• Cervical Checks at Buncrana Medical Centre

    Cervical Checks at Buncrana Medical Centre

    Free smear tests for women aged 25 to 60.


    Cervical Check’s aim is to find changes in the cervix before they become cancerous.


    Results take just 4 weeks.


    Most smear tests are normal.


    To arrange your free cervical smear test, please contact us here at The Medical Centre on 074 93 63611 and ask for Michelle.



    Cervical Screening



    Cervical screening tests women for changes in the cells of the cervix (neck of the womb) using a smear test.

    Changes are common and cervical screening by smear tests can pick up early cell changes so they can be monitored or treated. The earlier abnormal cell changes are found, the easier they are to treat.

    Early detection and treatment of changes in the cells of the cervix can prevent cervical cancer.

    Screening is internationally accepted as a preventative health measure.  While it is recognised that no screening test is 100 per cent accurate, cervical screening is the most effective method of reducing a woman’s risk of developing cervical cancer.

    International best practice recommends that a population based cervical screening programme should target women aged from 25 or 30 years to 60 or 65 years. Population based screening is where a test is offered to all individuals in a target group, usually defined by age, as part of an organised programme.

    Based on evidence to date, there is no additional public health benefit in starting screening below the age of 25. In women under the age of 25, minor changes in the cells of the cervix are common but invasive cancer is extremely rare. Population based screening in women under the age of 25 may lead to many women receiving unnecessary treatment for lesions that would never have developed into invasive cancer.



    Cervical Cancer



    Cervical cancer is a cancer of the cells of the cervix (neck of the womb). Between 2008 and 2010, on average there were 308 cases of cervical cancer per year in Ireland and 88 recorded deaths in 2010 – National Cancer Registry Ireland (NCRI).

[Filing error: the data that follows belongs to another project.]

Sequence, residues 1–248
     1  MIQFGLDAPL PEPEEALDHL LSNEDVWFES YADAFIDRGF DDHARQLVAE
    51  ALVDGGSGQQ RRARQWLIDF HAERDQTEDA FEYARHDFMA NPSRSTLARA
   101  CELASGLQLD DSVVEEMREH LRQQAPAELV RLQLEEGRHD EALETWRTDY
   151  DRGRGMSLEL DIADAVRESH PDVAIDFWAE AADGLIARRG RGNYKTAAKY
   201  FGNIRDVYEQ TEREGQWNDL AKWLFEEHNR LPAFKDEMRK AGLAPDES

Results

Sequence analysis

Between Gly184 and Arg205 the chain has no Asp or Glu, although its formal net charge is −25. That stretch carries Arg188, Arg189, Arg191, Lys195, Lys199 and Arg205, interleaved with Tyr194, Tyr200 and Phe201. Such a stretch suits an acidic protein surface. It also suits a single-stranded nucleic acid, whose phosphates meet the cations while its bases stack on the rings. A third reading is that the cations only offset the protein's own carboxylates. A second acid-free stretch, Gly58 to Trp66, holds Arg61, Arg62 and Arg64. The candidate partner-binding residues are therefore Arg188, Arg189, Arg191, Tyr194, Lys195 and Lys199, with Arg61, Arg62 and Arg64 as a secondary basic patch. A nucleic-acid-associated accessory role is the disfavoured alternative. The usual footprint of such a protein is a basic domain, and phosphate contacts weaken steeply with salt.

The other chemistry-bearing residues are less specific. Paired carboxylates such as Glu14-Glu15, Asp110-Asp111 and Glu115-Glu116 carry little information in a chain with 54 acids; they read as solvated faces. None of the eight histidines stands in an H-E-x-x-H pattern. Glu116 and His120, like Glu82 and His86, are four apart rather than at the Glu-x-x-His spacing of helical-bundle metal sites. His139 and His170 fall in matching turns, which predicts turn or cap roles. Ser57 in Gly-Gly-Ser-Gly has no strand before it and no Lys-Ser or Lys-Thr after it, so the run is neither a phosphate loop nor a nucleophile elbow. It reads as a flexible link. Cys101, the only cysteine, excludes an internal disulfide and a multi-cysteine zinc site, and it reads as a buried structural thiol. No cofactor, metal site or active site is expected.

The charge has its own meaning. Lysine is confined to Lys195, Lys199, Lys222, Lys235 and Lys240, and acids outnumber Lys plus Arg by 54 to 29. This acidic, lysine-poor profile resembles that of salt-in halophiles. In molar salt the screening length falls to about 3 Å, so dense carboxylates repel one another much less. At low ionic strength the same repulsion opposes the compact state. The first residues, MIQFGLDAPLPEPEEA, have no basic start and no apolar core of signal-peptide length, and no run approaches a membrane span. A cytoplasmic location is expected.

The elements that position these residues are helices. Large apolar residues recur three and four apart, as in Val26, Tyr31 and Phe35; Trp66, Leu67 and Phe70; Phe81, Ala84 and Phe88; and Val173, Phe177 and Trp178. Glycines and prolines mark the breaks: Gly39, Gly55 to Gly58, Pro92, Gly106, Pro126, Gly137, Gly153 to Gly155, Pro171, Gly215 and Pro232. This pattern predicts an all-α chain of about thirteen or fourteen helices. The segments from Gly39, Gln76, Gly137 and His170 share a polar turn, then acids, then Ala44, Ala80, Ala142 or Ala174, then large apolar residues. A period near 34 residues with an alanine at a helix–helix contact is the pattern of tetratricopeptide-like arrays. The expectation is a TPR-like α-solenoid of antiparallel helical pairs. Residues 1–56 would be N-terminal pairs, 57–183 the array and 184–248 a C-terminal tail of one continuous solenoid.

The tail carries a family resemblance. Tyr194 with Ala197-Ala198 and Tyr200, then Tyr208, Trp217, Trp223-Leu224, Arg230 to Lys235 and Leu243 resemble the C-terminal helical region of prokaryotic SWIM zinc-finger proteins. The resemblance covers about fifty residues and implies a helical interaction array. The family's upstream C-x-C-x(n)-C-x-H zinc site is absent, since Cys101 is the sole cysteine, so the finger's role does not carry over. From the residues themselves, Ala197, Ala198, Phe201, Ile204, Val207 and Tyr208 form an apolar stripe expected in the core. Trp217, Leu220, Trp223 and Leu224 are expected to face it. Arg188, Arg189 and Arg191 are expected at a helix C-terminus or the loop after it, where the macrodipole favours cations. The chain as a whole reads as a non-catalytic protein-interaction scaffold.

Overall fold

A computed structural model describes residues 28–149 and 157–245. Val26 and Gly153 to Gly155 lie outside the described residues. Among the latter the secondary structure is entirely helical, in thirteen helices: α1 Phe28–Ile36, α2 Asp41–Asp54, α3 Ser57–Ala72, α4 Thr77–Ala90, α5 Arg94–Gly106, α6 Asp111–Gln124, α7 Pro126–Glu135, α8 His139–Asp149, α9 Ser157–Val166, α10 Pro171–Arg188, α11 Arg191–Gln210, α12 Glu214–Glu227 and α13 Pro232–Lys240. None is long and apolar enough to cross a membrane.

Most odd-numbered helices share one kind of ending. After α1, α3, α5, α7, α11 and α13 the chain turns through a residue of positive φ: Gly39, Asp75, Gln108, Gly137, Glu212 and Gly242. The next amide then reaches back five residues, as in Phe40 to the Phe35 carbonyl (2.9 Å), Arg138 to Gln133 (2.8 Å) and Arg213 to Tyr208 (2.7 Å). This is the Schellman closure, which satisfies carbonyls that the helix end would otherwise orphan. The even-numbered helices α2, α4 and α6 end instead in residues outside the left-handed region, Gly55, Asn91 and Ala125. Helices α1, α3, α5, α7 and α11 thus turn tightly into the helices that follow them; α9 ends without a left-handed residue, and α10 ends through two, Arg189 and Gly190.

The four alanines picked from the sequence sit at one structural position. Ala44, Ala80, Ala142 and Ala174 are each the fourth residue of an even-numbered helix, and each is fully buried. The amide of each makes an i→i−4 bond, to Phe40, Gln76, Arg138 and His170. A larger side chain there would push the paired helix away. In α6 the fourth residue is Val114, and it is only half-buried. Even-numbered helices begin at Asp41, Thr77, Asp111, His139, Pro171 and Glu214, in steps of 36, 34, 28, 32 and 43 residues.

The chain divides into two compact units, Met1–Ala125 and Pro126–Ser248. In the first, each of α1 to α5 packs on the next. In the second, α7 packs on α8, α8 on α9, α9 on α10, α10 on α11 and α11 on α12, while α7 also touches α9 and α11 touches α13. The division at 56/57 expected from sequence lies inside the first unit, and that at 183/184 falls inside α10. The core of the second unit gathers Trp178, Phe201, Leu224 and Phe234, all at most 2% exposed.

Cervical cells change slowly and take many years to develop into cancer cells, making cervical cancer a preventable disease.



    The risk of cervical cancer can be reduced by:


    Having regular smear tests to pick up any early cell changes

    Stopping smoking (for help contact the National Smokers’ Quitline on Freephone 1850 201 203)

    Visiting a doctor to discuss any concerns or symptoms such as irregular vaginal bleeding, spotting or discharge

    Cervical cancer does not run in families. Daughters and other female relatives of women with abnormal smear tests, pre-cancerous cells (CIN) or cervical cancer do not have an increased risk of abnormal smear tests, pre-cancerous cells or cervical cancer.





    Changes in the cells of the cervix are common. Most are caused by the human papilloma virus (HPV). HPV is a common viral infection and most adults will get it at some time in their lives. HPV is usually spread by skin to skin contact during sexual activity. Any person who has ever engaged in sexual activity is likely to have been exposed to HPV.

    There are over 100 different types of HPV. Most are low risk and do not cause changes to cervical cells. Some HPV types (high risk) can cause cell changes in the cervix (neck of the womb).

    HPV infections can last without symptoms for many years without a person knowing about it. There is no treatment or cure for HPV infection. HPV is usually cleared by the body’s immune system. If the HPV infection does not clear up on its own, there is a greater risk of developing cervical cell changes which may need treatment.

    Smoking damages the immune system’s ability to clear infections, including HPV. Stopping smoking is the single most important action to help clear HPV infection.

    For further information about HPV and about the HPV vaccination programme visit HPV.ie.

    For information or details on Cervical Check visit: www.cervicalcheck.ie or Freephone 1800 45 45 55.

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